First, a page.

View profile

🐰 #23 Revive Dead Dashboards, terminusDB, DX; ThDPTh #23 🐰

Three Data Point Thursday
🐰 #23 Revive Dead Dashboards, terminusDB, DX; ThDPTh #23 🐰
By Sven Balnojan  • Issue #23 • View online
How to revive your dead dashboards, a cool new graphDB called terminusDB, and developer experience for data guys.
Data will power every piece of our existence in the near future. I collect “Data Points” to help understand & shape this future.
If you want to support this, please share it on Twitter, LinkedIn, or Facebook.

(1)🔮 Make Dashboards Less Dead
This is a great post by Tristan Handy. I think there’s a good use case for dashboards just as there is for any of your “BI artifacts”. This post contains an excellent plan on making dashboards “less dead”.
The post contains a roll-out plan for trustworthy dashboards & reports written by Alexander Jia:
  • Create a single source of truth in your dwh for a few curated data sets
  • Release curated standard-reports focused on high-level KPIs, work hand in hand with leadership
  • Support ad-hoc exploration of these curated data sets
  • Slowly chip away at old reports and replace them with better, new, curated ones
Are dashboards dead?
(2)🚀 terminusDB
I’ve just written about data as code and realized not too many databases actually provide decent versioning. Dolt does, but then there’s a big void. This project however looks promising, it’s a versionable graph document store, essentially made for most machine learning use cases.
They apparently use their own graph language WOQL which I don’t like. I’d rather see some convergence in the space of graph languages. But still the project looks worth a try.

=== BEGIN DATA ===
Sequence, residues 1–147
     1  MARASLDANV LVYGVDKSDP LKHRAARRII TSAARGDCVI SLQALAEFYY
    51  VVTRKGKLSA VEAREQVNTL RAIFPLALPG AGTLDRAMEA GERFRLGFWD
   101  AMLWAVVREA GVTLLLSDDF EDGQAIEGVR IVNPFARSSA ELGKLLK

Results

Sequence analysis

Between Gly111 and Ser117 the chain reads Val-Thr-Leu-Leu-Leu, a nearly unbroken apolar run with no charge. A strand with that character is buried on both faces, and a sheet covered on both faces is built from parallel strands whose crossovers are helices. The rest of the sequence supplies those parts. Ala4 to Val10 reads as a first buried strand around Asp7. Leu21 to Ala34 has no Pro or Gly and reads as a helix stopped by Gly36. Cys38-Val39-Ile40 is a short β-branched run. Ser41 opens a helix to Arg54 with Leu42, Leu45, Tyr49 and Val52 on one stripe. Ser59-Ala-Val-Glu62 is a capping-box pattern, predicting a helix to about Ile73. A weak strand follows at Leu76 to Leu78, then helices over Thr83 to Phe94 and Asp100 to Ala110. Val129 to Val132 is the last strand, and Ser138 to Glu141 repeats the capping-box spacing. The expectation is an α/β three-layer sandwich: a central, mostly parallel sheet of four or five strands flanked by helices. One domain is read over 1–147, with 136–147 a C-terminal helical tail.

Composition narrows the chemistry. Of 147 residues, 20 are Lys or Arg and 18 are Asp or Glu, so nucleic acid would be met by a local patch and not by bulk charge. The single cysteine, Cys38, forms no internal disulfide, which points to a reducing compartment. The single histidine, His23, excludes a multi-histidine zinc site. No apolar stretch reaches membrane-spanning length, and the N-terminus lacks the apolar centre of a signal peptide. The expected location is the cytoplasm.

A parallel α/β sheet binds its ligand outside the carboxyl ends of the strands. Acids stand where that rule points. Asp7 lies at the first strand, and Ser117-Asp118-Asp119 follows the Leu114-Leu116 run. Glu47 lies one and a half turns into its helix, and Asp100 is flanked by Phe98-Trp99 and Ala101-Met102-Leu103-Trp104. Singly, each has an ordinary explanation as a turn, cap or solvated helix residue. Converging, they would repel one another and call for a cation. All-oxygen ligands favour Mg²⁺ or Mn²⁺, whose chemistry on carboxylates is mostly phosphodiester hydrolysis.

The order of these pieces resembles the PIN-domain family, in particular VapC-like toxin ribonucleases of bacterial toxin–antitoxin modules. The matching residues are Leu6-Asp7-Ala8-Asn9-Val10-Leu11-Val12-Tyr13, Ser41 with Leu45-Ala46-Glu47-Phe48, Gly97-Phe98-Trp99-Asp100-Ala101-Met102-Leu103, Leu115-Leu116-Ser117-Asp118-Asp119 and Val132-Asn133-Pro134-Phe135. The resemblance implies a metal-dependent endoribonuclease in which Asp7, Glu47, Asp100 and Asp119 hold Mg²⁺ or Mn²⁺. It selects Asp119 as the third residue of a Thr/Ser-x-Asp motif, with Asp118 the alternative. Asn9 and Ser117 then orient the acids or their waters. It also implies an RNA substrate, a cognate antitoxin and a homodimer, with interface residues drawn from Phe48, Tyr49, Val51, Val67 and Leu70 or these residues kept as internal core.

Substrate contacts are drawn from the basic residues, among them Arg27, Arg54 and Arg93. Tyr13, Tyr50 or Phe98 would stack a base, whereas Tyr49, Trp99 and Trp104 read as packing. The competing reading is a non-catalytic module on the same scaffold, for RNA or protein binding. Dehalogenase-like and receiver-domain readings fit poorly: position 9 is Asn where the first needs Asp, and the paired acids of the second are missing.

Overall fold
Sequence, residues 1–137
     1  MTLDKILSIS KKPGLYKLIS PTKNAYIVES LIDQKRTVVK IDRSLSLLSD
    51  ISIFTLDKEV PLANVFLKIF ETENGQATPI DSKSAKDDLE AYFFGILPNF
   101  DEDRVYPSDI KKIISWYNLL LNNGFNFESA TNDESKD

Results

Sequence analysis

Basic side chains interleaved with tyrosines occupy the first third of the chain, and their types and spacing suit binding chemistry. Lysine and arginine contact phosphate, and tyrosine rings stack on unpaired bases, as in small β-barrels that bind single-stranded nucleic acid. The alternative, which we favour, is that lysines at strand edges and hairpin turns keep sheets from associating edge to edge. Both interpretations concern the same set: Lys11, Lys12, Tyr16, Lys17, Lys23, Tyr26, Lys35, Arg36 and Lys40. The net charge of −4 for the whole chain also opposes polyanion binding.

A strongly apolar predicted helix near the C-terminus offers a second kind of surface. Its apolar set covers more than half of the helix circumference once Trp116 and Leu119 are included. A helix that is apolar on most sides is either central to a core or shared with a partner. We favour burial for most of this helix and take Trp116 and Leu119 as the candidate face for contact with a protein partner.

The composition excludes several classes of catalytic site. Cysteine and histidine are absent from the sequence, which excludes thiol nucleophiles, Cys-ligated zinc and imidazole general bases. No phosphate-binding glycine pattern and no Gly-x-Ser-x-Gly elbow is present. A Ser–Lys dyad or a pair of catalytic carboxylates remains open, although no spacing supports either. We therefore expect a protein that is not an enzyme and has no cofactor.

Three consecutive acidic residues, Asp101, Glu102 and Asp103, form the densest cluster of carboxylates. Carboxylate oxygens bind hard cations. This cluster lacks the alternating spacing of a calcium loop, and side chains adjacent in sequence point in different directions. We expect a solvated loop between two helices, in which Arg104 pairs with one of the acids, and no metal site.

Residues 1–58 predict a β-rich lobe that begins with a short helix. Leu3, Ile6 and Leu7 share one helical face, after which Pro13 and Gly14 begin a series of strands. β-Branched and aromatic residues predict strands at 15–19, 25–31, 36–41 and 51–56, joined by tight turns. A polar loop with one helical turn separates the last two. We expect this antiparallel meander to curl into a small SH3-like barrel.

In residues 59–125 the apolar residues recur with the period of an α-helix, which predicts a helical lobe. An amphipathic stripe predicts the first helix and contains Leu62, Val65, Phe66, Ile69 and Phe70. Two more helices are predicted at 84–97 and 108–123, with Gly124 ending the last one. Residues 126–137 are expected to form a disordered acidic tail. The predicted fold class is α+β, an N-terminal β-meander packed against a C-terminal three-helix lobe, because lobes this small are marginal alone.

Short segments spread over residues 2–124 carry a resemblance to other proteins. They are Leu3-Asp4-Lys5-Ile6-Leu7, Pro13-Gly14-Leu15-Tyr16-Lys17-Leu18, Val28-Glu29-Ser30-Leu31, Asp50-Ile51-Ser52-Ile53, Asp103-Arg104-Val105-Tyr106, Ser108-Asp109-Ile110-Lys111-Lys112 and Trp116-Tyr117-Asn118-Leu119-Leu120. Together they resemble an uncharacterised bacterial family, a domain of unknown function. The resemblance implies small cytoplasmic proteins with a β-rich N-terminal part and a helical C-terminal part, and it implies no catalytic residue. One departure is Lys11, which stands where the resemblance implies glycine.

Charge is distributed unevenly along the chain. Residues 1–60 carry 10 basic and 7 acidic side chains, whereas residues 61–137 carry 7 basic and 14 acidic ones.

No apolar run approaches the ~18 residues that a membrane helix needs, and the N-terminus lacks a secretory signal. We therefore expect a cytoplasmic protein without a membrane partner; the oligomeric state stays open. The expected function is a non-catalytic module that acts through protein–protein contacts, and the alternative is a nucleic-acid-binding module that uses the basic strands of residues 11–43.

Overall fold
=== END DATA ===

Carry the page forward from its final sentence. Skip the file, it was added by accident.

They claim that “terminusDB is open source forever” and provide a “terminusHub” on top of it as a commercial offering. That sounds like a decent package.
(3)🔥 Better Developer Experiences for Data Guys
I just stumbled over another ThoughtWorks article rallying for better “developer experiences”. Yet for some reason, I feel this topic is even more pressing in the realm of data.
And by that, I mean both, the data engineers, the machine learners, and the data scientists of this world but also the developers which should be able to work with their data easily. A developer shouldn’t spend his time writing a track function, he should be able to track his newly developed feature with one line of code!
So I suggest you read the article and think about how the data experience probably is for your developers. If you’re a developer, I suggest thinking about whether you don’t see any ways to “exchange the handsaw you got for a chainsaw”.
Why you should invest in good Developer Experience today | ThoughtWorks
🎄 In Other News & Thanks
Thanks for reading this far! I’d also love it if you shared this newsletter with people whom you think might be interested in it.
P.S.: I share things that matter, not the most recent ones. I share books, research papers, and tools. I try to provide a simple way of understanding all these things. I tend to be opinionated. You can always hit the unsubscribe button!
Did you enjoy this issue?
Sven Balnojan

Data; Business Intelligence; Machine Learning, Artificial Intelligence; Everything about what powers our future.

In order to unsubscribe, click here.
If you were forwarded this newsletter and you like it, you can subscribe here.
Powered by Revue